Big Ben strikes 4.45am and a juvenile peregrine falcon sweeps into the air from the clock tower, a small anchor shape silhouetted against a just-lightening city sky. The bird flies over to the north side of the Palace of Westminster and settles among the gargoyles, blending in perfectly. Dave Morrison, lifelong Londoner and peregrine obsessive, focuses his telescope onto the tower.
The young female, identifiable by her flight and size, sits calmly on the well-known structure that has been her home for the past few weeks. Her territory, shared with her parents and three siblings, is an exclusive area beside the Thames, with the Houses of Parliament and Westminster Abbey at its centre.
Back in the 1960s, the peregrine falcon was almost extinct in Britain. Killed during the Second World War to stop them preying on messenger pigeons, peregrines then suffered the devastating impact of the pesticide DDT. But new levels of protection and restrictions on pesticide use have meant this stunning bird of prey, acknowledged as one of the fastest in the world, has now recovered.
Perhaps surprisingly, its recovery is best illustrated by the fact that numbers are thriving in the middle of London - more than 20 pairs are known to be living within a 20-mile radius of St Paul's Cathedral.
Traditionally associated with remote mountain crags, the peregrine loves London for its concrete canyons and cliff faces of brick and mortar. Tower blocks are perfect places to nest and the river is an excellent commuting route.
At 5.30am an adult female falcon flies in carrying a limp feral pigeon. She lands on Parliament and begins to pluck her prey. Pigeons are another reason London is so appealing to peregrines, but they aren't as easy a target as you may think. Alert to predators, the birds fly within the protection of large groups, dropping low and hugging the rooftops, and making what Dave calls sudden 'jinking' movements. Peregrines aren't guaranteed a kill - it can sometimes take several hunts before they're successful - but ultimately they are London's top avian predator. Pigeons are rich pickings and keep the falcons well fed.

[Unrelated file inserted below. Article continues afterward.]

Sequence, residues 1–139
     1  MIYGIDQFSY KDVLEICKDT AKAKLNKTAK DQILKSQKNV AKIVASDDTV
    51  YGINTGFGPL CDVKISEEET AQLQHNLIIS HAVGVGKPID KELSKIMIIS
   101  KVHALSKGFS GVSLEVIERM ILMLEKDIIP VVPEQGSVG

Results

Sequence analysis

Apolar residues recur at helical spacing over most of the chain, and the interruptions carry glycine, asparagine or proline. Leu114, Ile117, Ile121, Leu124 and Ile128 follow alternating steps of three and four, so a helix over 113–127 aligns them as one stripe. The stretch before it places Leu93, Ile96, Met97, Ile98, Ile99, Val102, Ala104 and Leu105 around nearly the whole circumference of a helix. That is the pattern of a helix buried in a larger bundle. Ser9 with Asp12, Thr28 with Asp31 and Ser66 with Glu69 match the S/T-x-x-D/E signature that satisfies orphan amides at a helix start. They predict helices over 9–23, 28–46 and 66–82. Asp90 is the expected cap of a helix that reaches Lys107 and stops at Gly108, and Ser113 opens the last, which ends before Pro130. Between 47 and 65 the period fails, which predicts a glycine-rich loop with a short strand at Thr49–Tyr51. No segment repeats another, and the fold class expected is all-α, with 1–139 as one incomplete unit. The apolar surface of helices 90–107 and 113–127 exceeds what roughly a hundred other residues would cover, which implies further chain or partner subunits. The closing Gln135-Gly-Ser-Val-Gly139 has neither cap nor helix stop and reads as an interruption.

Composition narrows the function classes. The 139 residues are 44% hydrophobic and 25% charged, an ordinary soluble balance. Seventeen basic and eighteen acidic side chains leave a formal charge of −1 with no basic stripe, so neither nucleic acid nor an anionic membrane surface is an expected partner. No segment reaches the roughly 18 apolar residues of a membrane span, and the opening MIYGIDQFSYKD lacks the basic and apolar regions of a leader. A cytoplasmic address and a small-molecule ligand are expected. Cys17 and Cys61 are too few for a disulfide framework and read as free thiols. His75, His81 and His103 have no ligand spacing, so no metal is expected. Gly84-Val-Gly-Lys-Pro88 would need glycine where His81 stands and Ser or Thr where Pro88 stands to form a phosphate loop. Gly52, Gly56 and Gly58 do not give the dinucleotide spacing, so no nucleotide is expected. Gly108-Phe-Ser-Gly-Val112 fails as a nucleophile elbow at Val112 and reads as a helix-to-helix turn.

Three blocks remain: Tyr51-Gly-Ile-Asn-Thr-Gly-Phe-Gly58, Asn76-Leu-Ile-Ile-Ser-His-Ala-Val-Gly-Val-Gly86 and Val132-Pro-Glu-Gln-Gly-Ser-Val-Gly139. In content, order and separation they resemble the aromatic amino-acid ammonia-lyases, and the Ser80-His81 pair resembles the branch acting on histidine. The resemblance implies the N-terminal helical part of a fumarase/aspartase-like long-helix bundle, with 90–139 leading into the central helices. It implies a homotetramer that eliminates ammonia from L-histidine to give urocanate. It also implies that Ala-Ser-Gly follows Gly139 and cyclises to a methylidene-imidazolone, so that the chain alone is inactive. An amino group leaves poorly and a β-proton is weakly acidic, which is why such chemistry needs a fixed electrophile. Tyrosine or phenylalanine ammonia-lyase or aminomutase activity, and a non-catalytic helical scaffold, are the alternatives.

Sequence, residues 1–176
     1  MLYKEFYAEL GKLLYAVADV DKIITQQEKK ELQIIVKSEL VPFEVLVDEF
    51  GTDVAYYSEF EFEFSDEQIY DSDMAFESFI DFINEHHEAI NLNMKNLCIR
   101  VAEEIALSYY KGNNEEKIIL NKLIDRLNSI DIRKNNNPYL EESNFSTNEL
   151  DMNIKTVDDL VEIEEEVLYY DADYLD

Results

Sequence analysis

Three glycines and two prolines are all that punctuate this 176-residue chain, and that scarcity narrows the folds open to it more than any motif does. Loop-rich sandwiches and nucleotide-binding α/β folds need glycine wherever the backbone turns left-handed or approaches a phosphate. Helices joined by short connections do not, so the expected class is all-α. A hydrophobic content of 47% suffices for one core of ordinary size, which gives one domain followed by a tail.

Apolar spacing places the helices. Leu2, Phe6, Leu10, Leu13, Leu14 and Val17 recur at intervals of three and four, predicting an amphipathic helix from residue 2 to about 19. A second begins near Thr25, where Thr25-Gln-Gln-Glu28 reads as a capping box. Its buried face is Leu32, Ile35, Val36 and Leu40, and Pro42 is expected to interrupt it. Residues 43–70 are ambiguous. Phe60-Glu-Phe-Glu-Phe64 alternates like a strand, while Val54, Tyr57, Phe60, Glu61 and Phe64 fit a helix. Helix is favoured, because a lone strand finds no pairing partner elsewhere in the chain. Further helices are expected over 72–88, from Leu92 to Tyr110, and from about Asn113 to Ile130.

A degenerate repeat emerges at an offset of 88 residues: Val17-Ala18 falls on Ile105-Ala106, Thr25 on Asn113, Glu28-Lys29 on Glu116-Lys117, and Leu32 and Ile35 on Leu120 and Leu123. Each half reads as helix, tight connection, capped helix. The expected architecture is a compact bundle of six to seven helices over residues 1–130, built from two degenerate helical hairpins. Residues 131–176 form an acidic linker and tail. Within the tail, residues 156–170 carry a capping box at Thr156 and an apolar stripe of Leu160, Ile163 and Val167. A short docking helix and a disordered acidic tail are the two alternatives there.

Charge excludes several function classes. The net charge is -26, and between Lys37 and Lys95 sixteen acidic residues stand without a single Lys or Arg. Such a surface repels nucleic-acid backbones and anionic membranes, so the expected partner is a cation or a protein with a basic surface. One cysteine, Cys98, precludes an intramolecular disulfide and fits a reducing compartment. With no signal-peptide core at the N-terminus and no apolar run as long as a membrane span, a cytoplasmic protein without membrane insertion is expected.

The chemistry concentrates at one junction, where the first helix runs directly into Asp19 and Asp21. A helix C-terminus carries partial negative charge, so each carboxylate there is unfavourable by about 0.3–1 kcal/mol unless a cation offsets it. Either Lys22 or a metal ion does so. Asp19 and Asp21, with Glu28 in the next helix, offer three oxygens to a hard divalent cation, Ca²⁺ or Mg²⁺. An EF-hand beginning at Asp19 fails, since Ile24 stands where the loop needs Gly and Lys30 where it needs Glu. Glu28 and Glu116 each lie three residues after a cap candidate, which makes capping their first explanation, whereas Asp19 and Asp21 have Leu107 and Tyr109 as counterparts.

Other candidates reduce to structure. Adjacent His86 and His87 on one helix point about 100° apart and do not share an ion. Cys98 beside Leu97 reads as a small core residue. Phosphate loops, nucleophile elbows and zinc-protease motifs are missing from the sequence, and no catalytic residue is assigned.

Peregrines take smaller birds in their talons as they fly, though it is their powerful beaks that will deliver the death blow. During spectacular 1,000ft swoops, they can reach speeds of 150mph. When courting, they perform impressive aerial acrobatics and pass food gifts in flight. Beautiful, bold birds, then - ones with which it is easy to become obsessed.
Dave is a Barking boy, and a steel-fixer by trade. He's been entranced by the peregrine falcon since seeing one while he was on a job. Work often involves being high up on building sites and bird-watching opportunities arise often in such spots. His enthusiasm is infectious and his once-unconvinced work colleagues are now also guilty of sky-watching.
For the past 10 years Dave has been monitoring London's peregrines, and his interest and expertise has grown to the point where he's now consulted by landowners who find they have falcons on their buildings.
Peregrines are a Schedule One listed species, which means they have the highest protection possible under wildlife law. You have obligations if a pair decides to nest on your property, which Dave is able to advise upon, as well as offering services such as putting up custom-built nesting boxes and platforms.
It may not seem like much, but simply keeping detailed records of peregrine numbers, their whereabouts and behaviour, is really valuable. How else would we know the birds were on the increase in the city? The wildlife data collected by nature enthusiasts like Dave is extremely important in painting a picture of how species are faring, both locally and nationally.